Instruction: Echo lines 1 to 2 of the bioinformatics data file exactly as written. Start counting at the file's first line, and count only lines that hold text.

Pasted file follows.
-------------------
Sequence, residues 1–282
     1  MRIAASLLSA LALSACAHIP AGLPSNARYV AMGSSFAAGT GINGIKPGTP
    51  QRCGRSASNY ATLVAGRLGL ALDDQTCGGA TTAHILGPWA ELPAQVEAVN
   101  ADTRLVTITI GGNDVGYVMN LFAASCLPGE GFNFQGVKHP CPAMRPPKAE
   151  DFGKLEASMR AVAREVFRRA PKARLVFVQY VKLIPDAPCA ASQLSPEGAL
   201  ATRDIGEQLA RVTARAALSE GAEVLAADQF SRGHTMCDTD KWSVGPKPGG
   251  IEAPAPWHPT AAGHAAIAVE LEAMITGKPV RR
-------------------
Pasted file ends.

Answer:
Sequence, residues 1–282
     1  MRIAASLLSA LALSACAHIP AGLPSNARYV AMGSSFAAGT GINGIKPGTP